Monday, 26 October 2015

Testing Skills #7 - Reflection

What type of learning do you need to engage in today?

Do you need to learn facts?

Or

Do you need to analyse and critically think about what you need to learn or have learned?
Neither of these ways of learning are wrong and each has its place in your learning journey.  Knowing which to use and when is a great tool for a tester to have.

Learning facts is defined as a 'surface approach ' style of learning and writing and thinking critically about what your have learned can be defined as a 'deep approach'.

Reflection is important in software testing and you need to be able to communicate what you have found and uncovered when testing.  If you have no opportunities,  in your organization, to be able to communicate with others then you may find you have a lot on tacit knowledge but little in the way of explicit.  It is vital to set aside time for members of the team to discuss what new information they have uncovered or learned when testing.  This allows them to use reflective reasoning to turn tacit into explicit and gives the person providing the information a sense of purpose and achievement in what they have learned.

To improve your own self-reflection produce a reflective action plan. By doing this you are committing to your self what you intend to do and engage critical thinking skills in doing so. Make sure your plan has goals and deadlines that you can commit to.  Make this deadlines and goals public it encourages you to keep to them.  Using a personal Kanban board can help you achieve this.

"First, the deep and surface approaches are not personality traits or fixed learning styles.  Students adopt an approach which is related to their perceptions of the task."

When you need to think deeply about what you have been studying then writing down you own thoughts and understanding is a good way for you to be able to see what you have remembered.  If you only need to learn information or facts then other models would be more suited.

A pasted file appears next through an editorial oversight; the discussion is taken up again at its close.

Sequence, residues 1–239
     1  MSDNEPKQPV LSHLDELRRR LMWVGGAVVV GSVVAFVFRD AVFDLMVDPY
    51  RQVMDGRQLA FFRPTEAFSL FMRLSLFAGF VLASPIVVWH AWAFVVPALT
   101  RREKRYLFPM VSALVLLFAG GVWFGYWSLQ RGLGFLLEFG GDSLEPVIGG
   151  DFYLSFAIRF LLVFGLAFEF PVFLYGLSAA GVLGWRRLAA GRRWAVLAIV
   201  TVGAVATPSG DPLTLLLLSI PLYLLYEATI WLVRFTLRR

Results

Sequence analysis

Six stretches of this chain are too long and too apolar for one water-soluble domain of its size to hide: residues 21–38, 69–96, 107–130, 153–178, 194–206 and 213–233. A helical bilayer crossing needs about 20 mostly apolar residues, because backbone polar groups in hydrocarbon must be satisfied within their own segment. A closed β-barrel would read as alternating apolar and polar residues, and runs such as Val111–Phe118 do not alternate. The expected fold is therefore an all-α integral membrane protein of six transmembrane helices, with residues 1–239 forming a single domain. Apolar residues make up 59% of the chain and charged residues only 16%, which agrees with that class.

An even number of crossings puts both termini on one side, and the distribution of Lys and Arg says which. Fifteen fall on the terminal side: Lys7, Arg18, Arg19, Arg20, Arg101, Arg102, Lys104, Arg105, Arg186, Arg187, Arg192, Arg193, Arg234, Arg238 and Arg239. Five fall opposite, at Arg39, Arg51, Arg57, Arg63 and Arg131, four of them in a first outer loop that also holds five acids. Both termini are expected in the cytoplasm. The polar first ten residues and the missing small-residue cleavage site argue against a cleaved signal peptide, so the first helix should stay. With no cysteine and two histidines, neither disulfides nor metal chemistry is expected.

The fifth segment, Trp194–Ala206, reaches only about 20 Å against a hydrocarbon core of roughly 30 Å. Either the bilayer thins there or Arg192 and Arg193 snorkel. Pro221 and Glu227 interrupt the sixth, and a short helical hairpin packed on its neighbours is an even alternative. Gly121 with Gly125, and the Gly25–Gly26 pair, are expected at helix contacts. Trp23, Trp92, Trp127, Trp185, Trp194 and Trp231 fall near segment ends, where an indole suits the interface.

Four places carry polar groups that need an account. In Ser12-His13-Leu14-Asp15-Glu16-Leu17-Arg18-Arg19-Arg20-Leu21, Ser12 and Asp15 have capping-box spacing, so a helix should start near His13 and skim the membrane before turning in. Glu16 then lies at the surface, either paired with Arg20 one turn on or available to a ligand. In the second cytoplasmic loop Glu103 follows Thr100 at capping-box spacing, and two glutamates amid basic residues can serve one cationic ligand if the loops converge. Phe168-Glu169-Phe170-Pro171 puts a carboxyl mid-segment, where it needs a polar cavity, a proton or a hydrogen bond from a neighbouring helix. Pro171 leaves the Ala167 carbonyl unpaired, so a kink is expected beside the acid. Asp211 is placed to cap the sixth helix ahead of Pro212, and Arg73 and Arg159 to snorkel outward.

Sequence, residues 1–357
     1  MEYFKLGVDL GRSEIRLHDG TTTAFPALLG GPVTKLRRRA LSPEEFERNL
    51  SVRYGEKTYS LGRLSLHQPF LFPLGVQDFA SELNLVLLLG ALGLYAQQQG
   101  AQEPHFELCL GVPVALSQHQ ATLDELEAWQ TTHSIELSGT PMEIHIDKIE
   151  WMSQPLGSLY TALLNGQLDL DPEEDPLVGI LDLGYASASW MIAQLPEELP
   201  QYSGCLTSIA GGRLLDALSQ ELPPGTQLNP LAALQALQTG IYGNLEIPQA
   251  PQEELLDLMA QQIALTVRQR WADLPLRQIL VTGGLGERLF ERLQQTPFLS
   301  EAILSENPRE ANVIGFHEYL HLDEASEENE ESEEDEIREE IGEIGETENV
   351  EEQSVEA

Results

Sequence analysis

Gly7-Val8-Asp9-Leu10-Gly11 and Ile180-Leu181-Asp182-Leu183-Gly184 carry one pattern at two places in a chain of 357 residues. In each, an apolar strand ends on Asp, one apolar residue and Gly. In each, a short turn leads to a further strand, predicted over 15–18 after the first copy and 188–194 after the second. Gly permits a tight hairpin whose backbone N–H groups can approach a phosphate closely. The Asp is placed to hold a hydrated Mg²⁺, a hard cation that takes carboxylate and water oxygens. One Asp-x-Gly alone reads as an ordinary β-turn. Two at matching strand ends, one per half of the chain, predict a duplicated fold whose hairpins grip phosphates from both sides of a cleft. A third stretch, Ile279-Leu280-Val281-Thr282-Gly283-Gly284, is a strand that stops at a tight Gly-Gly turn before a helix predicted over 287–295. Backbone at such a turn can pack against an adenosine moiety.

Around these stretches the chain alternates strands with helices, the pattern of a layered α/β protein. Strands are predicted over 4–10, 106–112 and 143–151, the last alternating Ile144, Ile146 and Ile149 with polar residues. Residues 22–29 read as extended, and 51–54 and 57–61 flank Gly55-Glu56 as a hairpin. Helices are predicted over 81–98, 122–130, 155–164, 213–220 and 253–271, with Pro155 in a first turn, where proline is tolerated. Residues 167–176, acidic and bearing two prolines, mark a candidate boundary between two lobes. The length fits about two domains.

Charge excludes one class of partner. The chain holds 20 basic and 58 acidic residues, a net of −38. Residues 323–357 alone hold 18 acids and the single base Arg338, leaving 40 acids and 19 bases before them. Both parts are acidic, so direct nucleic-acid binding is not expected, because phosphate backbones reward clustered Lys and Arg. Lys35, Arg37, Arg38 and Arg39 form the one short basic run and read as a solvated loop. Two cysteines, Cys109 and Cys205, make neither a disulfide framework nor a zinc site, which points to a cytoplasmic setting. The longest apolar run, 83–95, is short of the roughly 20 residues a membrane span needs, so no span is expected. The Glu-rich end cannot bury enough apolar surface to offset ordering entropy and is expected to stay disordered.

Writing down you thoughts on what you have been attempting to learn enables you to better remember or apply what has been studied.  Reflection is about doing your own internal self-assessment  of what you have been learning.  This assessment enables you make what you know internally, tacit knowledge, and attempting to make it clear and detailed explicit knowledge.  To do this you need opportunities to talk to others verbally or by writing down what you have studied to invoke critical thinking.

"In general, writing appears to be suitable for tasks where the aim is fostering understanding, changing students' conceptions and developing their thinking skills, but less suitable if the goal is the simple accumulation of factual information"

One way in which can improve your learning is to use reflection:

"Reflection is an active process whereby the professional can gain an understanding of how historical, social, cultural and personal experiences have contributed to professional knowledge and practice "(Wilkinson, 1996).  
You learn from your experiences and to make this happen you need to engage in reflection.  If you think about what you are doing or what you have experienced you are engaging in self-reflection. This approach helps you to turn learning into knowledge and it is vital in improving your own knowledge and skills.  Reflection is really about looking back at a situation, thinking about it, critically and learning from the experience, then using that new knowledge to help in future similar situations.  This in many ways is similar to the approach you will taking when engaging in testing activities.

"The process of reflective writing leads to more than just a gain in your knowledge; it should also challenge the concepts and theories by which you make sense of knowledge. When you reflect on a situation, you do not simply see more, you see differently. This different way of viewing a situation is reflected in statements about a commitment to action. Action is the final stage of reflection. "

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